Let x be a real number. Prove if x>1 then x^2>x.

- anonymous

Let x be a real number. Prove if x>1 then x^2>x.

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- anonymous

Induction might work here.

- OakTree

Do you know what induction is, @zonazoo?

- anonymous

yes, but I don't see how you would use that here.

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## More answers

- OakTree

Okay, so let's try a different approach. Let's look at the behavior of x^2 for all x>1. Do you see anything useful you could use there?

- anonymous

ummm, well, im not sure what you are looking for. if you square any number that is greater than 1, the answer will always be greater than the number you squared... the y value of the graph will always be greater on the quadratic than the linear function past 1. I would of thought you need to use contradiction, like suppose x

- OakTree

Contradiction would be a great way to prove this. Again, induction would be best, but contradiction would only be a line or two longer.

- anonymous

im not sure how you would do either.

- OakTree

Okay. So we have \[x^2 - x < 0\]So \[x(x-1) < 0\]But this means that exactly one of x or x-1 must be negative, since two negatives is positive and two positives is positive. Following so far?

- anonymous

yes... and this method would be by contradiction correct.

- RadEn

x > 1
multiply by x on both sides, we get
x^2 > x
:)

- OakTree

Right. Because we're assuming that something is wrong at the beginning.
Anyway, so can you think of what the next step might be?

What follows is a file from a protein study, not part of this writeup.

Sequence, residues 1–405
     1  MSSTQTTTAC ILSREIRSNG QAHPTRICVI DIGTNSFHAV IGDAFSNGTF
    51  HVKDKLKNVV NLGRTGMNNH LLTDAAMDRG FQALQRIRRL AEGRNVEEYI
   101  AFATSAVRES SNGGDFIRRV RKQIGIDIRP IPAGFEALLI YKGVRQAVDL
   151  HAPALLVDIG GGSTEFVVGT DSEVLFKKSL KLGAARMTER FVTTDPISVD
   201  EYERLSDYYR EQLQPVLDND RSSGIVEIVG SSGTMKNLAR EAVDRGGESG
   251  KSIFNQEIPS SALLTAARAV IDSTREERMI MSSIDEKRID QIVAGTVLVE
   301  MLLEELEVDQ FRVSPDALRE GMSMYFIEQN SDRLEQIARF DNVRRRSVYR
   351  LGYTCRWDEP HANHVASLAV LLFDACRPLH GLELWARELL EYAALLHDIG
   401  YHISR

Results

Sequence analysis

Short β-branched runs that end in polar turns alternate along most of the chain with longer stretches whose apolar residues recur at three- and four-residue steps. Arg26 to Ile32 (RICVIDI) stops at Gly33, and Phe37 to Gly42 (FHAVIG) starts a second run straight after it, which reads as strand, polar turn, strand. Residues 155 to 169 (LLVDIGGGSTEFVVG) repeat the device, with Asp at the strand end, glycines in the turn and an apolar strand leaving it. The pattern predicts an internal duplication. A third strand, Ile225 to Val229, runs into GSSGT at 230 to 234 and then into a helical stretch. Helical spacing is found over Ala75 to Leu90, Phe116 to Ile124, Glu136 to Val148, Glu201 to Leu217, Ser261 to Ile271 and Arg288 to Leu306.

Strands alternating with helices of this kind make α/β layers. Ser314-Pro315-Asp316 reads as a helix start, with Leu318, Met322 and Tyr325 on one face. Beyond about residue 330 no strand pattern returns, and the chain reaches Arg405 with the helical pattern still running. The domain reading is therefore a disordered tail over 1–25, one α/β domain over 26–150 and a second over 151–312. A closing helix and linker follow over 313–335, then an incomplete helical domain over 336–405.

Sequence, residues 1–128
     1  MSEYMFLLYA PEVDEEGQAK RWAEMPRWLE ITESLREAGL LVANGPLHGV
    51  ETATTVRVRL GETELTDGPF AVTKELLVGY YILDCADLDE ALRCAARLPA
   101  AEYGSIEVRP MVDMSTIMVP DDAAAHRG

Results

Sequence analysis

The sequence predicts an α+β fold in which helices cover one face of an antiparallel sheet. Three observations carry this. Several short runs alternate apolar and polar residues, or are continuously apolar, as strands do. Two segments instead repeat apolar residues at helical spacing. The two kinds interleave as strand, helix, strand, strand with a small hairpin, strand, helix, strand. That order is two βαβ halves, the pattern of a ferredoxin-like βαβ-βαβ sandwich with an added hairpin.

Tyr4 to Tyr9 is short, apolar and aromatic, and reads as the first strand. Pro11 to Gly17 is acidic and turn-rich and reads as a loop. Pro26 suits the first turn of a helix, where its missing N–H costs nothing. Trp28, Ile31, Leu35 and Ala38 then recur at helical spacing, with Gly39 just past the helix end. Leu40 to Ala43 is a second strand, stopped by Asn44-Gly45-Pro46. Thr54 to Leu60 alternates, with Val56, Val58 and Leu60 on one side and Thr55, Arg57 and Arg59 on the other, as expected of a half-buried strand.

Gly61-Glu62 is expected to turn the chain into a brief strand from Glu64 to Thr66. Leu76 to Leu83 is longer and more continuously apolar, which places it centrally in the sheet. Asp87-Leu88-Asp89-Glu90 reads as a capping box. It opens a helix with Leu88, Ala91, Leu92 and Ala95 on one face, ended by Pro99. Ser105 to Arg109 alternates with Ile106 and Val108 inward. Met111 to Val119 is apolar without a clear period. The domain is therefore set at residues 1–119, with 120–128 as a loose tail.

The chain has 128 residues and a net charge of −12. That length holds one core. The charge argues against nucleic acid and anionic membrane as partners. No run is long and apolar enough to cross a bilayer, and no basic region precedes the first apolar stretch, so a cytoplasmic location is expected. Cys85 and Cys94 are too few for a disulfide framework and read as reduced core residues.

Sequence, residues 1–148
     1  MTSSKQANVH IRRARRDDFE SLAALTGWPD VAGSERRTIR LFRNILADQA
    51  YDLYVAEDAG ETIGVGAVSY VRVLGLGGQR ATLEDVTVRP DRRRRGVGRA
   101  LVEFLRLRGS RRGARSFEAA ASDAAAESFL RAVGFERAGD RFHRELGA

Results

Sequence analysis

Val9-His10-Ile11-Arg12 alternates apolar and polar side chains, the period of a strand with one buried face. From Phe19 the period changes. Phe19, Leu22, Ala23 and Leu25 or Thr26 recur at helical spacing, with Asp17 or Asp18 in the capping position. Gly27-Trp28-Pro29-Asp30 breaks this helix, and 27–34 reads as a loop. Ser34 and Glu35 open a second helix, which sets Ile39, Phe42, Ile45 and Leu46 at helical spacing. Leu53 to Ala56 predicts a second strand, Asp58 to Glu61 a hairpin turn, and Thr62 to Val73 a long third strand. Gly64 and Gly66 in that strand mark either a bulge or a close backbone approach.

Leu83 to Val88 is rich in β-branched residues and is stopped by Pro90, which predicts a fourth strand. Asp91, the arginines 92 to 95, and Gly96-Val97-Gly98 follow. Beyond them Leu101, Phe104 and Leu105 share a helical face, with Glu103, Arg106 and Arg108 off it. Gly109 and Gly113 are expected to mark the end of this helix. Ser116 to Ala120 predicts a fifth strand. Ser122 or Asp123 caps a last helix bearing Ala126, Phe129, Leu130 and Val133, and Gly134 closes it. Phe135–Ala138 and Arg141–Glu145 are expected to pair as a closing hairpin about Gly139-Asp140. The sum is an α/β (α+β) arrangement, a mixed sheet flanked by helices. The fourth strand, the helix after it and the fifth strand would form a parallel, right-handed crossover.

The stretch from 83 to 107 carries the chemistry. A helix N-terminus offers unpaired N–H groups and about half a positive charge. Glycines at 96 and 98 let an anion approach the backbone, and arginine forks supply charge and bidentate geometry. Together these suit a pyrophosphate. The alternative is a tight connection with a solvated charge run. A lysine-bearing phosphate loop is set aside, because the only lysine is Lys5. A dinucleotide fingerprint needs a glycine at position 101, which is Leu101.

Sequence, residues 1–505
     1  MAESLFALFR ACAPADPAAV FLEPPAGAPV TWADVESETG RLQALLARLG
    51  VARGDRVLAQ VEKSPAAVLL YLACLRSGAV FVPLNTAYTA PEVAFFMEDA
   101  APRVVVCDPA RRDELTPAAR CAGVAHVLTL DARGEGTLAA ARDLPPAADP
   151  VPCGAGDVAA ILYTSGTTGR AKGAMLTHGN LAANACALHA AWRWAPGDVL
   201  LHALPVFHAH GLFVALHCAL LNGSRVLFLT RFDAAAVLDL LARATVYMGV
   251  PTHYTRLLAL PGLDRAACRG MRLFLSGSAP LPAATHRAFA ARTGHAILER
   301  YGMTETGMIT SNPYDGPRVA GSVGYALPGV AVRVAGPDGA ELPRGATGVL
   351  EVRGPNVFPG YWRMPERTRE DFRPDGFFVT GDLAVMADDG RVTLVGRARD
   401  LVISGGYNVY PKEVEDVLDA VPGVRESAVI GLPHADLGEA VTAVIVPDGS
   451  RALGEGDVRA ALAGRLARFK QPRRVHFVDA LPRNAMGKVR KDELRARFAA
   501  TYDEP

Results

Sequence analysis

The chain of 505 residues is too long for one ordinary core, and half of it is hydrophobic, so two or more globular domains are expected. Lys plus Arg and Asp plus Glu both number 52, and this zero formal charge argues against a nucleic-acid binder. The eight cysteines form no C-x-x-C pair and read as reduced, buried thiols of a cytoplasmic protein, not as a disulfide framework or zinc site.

- anonymous

idk, just stating that either x<0 or x<1, which would be a contradiction since x>1???

- OakTree

Kind of. Since exactly one of x, x-1 must be negative, we know that x-1 is -1 and x is 0. But that means that x is not greater than 1. Contradiction. QED. Get it?

- anonymous

yes I do. What is QED?

- OakTree

Quod erat demonstrandum. It's Latin for "what was required to be proved" - it's basically a formal way of saying that the proof is finished.

- anonymous

oh okay. Thank you for all the help.

- OakTree

No problem.

- anonymous

I suppose induction may not be as easy as I had thought... the base case, namely, is giving me trouble. But if you restrict the domain here to be the natural numbers, it's easier to work out.
Base case: \(x=2\). You have \(2^2=4>2\), so the inequality holds.
Assume it holds for \(x=k\), so that \(k^2>k\).
Next, show it holds for \(x=k+1\), i.e. \((k+1)^2>k+1\).
The trick here is to write this inequality in terms of that given by the previous assumption:
\[(k+1)^2=\color{red}{k^2}+\color{blue}{2k+1}>\color{red}{k}+\color{blue}{1}\]
You know the red part on the left is greater than the red on the right, so now it's a matter of showing \(2k+1>1\), which is true for all \(k>0\). So the inequality holds for \(x=k+1\).
But again, I'm not sure how one would adjust this for the real number system.

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